How Far Can Electrical Current Travel Through Water?

Electricity’s ability to travel through water has fascinated scientists for over 200 years. In the early 19th century, experiments showed that water could transmit electric currents over long distances. This discovery paved the way for using rivers and oceans to carry electrical power between distant points.

However, the conduction of electricity through water also poses risks. Any time an electrical current flows through a conductor like water, there is potential for lethal shocks. Tragically, many deaths have occurred when people came into contact with electrified water bodies. Safety measures are crucial when working with electricity near water.

This article explores how far electricity can travel through water. We discuss the key physics principles, real-world transmission projects, safety guidelines, and future directions in this emerging field.

Physics of Electricity in Water

Electricity can travel through water because water contains ions that allow it to conduct electricity. Pure water is actually a poor conductor, but even tap water contains impurities like salts that enable conduction. When an electric current enters water, it flows as the motion of electrically charged particles called ions. The ions collide with each other and nearby water molecules, transferring energy in the form of heat and enabling the current to move through the water.

The electrical resistance of water is dependent on the amount of dissolved salts and particles it contains. Distilled water has very high resistance, while salt water is a much better conductor. In comparison to metals like copper which have free flowing electrons, water is still a relatively poor conductor of electricity. However, it conducts far better than insulating materials like plastic or rubber which have very few mobile charges.

Factors That Affect Distance

Several factors determine how far an electrical current can travel through water, including:

Water Purity

The purity of the water significantly impacts conductivity. Distilled or deionized water has very high resistance and does not conduct electricity well. On the other hand, impure water with dissolved salts and minerals is much more conductive.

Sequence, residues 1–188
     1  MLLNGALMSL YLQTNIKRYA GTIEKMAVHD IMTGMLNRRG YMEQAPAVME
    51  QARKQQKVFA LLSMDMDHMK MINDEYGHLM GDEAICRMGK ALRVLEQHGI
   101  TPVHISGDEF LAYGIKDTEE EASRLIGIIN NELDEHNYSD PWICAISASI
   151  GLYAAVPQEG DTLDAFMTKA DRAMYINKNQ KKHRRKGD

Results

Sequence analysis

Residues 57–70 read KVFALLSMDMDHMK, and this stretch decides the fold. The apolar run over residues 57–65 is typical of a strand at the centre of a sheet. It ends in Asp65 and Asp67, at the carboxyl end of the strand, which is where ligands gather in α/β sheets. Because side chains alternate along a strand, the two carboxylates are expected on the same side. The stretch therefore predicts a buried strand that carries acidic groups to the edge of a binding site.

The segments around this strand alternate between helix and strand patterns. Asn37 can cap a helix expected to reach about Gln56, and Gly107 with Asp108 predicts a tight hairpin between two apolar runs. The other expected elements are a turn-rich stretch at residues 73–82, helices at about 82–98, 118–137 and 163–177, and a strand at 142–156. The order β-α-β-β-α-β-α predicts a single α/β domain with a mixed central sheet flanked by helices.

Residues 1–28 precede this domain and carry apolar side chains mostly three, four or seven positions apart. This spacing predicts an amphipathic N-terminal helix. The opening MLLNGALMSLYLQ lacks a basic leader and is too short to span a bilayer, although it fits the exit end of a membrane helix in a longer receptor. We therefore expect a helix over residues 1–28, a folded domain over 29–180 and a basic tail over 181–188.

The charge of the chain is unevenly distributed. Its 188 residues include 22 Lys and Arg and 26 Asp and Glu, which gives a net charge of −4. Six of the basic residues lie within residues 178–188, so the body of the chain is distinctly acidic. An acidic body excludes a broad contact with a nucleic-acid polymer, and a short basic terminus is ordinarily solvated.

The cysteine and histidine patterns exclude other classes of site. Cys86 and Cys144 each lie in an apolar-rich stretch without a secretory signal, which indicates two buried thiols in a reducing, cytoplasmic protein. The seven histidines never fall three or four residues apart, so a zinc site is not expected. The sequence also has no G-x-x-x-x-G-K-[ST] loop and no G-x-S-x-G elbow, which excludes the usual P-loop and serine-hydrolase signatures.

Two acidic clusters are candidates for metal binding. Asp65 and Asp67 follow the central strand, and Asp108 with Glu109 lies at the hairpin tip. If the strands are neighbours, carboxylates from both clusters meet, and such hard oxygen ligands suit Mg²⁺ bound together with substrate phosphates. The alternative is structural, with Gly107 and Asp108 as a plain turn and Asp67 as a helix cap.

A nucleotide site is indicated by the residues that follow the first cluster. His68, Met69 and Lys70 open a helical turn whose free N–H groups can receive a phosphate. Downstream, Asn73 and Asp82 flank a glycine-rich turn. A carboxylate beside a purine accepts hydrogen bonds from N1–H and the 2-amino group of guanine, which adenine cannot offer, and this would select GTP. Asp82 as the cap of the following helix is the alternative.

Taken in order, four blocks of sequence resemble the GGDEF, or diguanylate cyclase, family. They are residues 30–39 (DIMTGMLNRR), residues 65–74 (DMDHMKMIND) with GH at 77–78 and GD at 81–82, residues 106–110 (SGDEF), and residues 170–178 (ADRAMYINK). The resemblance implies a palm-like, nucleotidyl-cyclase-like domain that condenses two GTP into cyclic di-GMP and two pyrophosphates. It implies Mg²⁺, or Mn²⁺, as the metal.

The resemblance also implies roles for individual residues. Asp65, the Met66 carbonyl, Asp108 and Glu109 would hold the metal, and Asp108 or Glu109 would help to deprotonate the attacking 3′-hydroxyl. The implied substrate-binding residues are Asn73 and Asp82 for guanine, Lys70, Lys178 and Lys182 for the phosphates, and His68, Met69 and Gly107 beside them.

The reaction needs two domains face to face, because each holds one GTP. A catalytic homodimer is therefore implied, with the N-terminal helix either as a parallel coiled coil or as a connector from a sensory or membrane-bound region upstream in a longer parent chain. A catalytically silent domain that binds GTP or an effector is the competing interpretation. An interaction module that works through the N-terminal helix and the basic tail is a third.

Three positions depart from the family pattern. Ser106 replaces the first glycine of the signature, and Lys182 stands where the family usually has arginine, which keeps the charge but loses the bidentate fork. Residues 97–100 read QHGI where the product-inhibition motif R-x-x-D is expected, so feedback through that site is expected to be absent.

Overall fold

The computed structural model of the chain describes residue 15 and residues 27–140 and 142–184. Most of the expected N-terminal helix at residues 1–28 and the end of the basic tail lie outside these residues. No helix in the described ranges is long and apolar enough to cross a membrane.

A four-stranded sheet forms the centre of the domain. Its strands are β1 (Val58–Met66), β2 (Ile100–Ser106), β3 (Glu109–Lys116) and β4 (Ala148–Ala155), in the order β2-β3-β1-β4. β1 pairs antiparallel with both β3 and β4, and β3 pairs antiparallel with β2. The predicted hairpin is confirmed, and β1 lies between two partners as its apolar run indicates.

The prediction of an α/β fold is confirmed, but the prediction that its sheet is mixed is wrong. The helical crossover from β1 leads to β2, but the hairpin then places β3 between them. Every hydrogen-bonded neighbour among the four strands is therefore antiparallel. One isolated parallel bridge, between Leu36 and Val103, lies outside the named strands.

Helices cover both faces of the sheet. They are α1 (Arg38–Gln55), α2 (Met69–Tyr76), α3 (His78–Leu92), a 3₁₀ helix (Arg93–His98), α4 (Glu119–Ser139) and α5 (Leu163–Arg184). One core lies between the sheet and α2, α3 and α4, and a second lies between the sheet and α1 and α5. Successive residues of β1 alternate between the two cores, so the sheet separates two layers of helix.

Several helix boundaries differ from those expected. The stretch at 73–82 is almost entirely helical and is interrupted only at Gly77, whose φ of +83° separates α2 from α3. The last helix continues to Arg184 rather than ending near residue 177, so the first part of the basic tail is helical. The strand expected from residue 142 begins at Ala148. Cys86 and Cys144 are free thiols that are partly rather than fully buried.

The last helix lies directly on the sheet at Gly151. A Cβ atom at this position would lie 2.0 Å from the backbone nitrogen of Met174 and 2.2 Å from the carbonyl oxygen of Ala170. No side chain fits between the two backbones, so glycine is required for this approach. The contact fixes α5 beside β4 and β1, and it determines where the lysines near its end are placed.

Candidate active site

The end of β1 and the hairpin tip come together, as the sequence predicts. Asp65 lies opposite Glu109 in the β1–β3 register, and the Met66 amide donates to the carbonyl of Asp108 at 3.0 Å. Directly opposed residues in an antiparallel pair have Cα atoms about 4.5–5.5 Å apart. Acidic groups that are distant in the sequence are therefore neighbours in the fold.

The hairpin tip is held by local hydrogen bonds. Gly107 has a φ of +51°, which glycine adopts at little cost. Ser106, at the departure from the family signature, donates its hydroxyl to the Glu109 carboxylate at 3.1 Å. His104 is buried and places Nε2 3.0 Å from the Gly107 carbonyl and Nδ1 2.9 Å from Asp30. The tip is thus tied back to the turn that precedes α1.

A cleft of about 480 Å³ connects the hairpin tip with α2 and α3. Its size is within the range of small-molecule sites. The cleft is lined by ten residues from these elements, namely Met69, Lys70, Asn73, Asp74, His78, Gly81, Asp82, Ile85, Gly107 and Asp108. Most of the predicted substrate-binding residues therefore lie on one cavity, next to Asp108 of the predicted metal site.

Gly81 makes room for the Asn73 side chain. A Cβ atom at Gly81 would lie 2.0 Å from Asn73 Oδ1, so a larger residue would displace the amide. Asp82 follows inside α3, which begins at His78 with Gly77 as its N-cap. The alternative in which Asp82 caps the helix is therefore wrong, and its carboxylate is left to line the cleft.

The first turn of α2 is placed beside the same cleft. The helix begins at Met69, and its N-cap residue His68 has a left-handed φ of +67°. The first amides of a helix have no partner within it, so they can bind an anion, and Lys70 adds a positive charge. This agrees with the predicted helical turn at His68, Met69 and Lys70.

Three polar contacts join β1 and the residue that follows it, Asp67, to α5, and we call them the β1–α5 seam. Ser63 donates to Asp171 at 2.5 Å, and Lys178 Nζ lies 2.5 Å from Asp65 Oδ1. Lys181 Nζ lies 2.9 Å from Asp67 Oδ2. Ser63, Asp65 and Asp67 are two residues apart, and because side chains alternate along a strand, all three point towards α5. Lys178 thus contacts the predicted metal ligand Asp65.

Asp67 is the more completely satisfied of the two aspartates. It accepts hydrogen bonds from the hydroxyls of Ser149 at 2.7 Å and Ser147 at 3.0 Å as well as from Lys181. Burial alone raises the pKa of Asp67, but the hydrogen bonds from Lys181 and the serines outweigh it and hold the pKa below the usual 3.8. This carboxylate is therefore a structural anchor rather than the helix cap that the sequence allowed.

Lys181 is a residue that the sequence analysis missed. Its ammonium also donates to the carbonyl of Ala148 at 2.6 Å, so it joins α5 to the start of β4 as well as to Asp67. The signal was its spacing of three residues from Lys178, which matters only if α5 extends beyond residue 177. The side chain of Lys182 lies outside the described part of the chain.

Mineral Content

The types and quantities of minerals dissolved in the water affect conductivity. Water with higher concentrations of ionic compounds like salts, acids, and bases allows electrical current to flow farther.


Salinity measures the saltiness of water, and salty water with high salinity is an excellent conductor. Seawater has high salinity, allowing electricity to travel large distances easily.


Hot water has faster moving ions, reducing resistance and increasing conductivity. Electrical current can generally travel farther in hot water compared to cold water.

Experimental Results

A number of scientific studies have tested how far electrical current can travel through water under controlled conditions.

In freshwater pools, electrical current has been shown to travel 15-20 feet from its entry point. In saltwater pools, the distance is even greater at 25-30 feet.

The farthest electrical current has been documented to travel is just over 50 feet in saltwater conditions. This maximum distance was recorded in an experimental tank with a strong electrical source.

Typical currents in freshwater lakes and rivers may only travel 5-10 feet from their source before dissipating. But under certain conditions, experiments confirm electrical current can travel up to 50 feet and potentially farther.

Real-World Examples

There are several real-world instances where electrical currents travel substantial distances through water:

Undersea Cables

Undersea cables transmit power and communications signals across oceans and seas. For example, transatlantic communications cables that connect North America, Europe, and Africa are over 5,000 miles long. Electrical currents are able to traverse these enormous distances through the highly conductive ocean water.

Fish Electrocutions

Electrified shorelines used for predator control or behaviors studies can conduct electricity over 300 feet out into the water. This allows electrical current to spread over a large area and inadvertently shock or kill fish that swim by.

Lightning over Oceans

When lightning strikes over a body of water, the electrical discharge can travel through the conductive ocean for several miles. This explains why lightning can electrocute groups of fish or damage boats a considerable distance away from the actual lightning strike point.

Safety Concerns

Electricity and water can be a dangerous combination if proper safety precautions are not taken. There are risks of electrocution anytime electricity comes into contact with water, which is why it’s important to understand the hazards and avoid risky situations.

The human body is particularly susceptible to electric shock in water, as water is an excellent conductor of electricity. As little as 10 milliamps of electrical current at 110 volts can cause paralysis and lead to drowning. Even low voltage currents can trigger respiratory arrest or ventricular fibrillation, which leads to death.